Call Number: 305.8 F46r
Publication Date: 2014-03-04
Racism Without Racists by In this book, Bonilla-Silva explores with systematic interview data, the nature and components of post-civil rights racial ideology. Specifically, he documents the existence of a new suave and apparently non-racial racial ideology he labels color-blind racism. He suggests that this ideology, anchored on the decontextualized, a historical, and abstract extension of liberalism to racial matters, has become the organizational matrix, whites use to explain and account for racial matters in America.
Call Number: E184.A1 B597 2018
Publication Date: 2006-08-03
Stamped from the Beginning by From the #1 New York Times bestselling author of How to Be an Antiracist, the National Book Award-winning masterwork revealing how racist ideas were created, spread, and became deeply rooted in American society. Some Americans insist that we're living in a post-racial society. But racist thought is not just alive and well in America--it is more sophisticated and more insidious than ever. And as award-winning historian Ibram X. Kendi argues, racist ideas have a long and lingering history, one in which nearly every great American thinker is complicit. In this deeply researched and fast-moving narrative, Kendi chronicles the entire story of anti-black racist ideas and their staggering power over the course of American history. He uses the life stories of five major American intellectuals to drive this history: Puritan minister Cotton Mather, Thomas Jefferson, abolitionist William Lloyd Garrison, W.E.B. Du Bois, and legendary activist Angela Davis. As Kendi shows, racist ideas did not arise from ignorance or hatred. They were created to justify and rationalize deeply entrenched discriminatory policies and the nation's racial inequities. In shedding light on this history, Stamped from the Beginning offers us the tools we need to expose racist thinking. In the process, he gives us reason to hope. Praise for Stamped from the Beginning: "We often describe a wonderful book as 'mind-blowing' or 'life-changing' but I've found this rarely to actually be the case. I found both descriptions accurate for Ibram X. Kendi's Stamped from the Beginning... I will never look at racial discrimination again after reading this marvellous, ambitious, and clear-sighted book." - George Saunders, Financial Times, Best Books of 2017 "Ambitious, well-researched and worth the time of anyone who wants to understand racism." --Seattle Times "A deep (and often disturbing) chronicling of how anti-black thinking has entrenched itself in the fabric of American society." --The Atlantic Winner of the 2016 National Book Award for Nonfiction A New York Times Bestseller A Washington Post Bestseller On President Obama's Black History Month Recommended Reading List Finalist for the 2016 National Book Critics Circle Award for Nonfiction Named one of the Best Books of the Year by the Boston Globe, Washington Post, Chicago Review of Books, The Root, Buzzfeed, Bustle, and Entropy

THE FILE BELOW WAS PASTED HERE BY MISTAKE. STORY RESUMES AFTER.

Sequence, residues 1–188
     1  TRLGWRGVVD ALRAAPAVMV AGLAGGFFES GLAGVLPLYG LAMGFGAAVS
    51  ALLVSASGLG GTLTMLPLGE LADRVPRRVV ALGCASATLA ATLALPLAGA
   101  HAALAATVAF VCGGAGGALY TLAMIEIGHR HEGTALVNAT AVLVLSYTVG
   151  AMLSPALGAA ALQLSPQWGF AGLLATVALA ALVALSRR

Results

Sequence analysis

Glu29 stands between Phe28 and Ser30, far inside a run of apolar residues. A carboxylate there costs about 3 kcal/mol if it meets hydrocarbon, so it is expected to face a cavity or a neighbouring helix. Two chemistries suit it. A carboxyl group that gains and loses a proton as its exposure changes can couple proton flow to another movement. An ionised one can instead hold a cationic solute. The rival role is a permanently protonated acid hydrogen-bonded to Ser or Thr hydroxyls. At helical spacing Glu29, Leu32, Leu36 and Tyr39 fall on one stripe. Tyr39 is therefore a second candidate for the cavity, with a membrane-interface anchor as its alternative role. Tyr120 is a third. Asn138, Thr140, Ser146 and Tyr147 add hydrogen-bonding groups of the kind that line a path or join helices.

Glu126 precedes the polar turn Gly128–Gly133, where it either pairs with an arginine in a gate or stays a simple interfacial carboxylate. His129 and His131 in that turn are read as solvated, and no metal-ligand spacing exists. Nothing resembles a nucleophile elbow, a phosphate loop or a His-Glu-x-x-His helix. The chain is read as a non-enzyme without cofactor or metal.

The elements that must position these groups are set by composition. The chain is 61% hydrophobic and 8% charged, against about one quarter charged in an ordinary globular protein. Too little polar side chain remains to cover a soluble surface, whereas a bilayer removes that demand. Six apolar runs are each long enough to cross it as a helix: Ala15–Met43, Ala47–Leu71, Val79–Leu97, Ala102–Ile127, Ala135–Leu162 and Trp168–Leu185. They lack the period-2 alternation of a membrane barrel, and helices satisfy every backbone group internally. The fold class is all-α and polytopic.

Call Number: 305.800973 K341s
Publication Date: 2016-04-12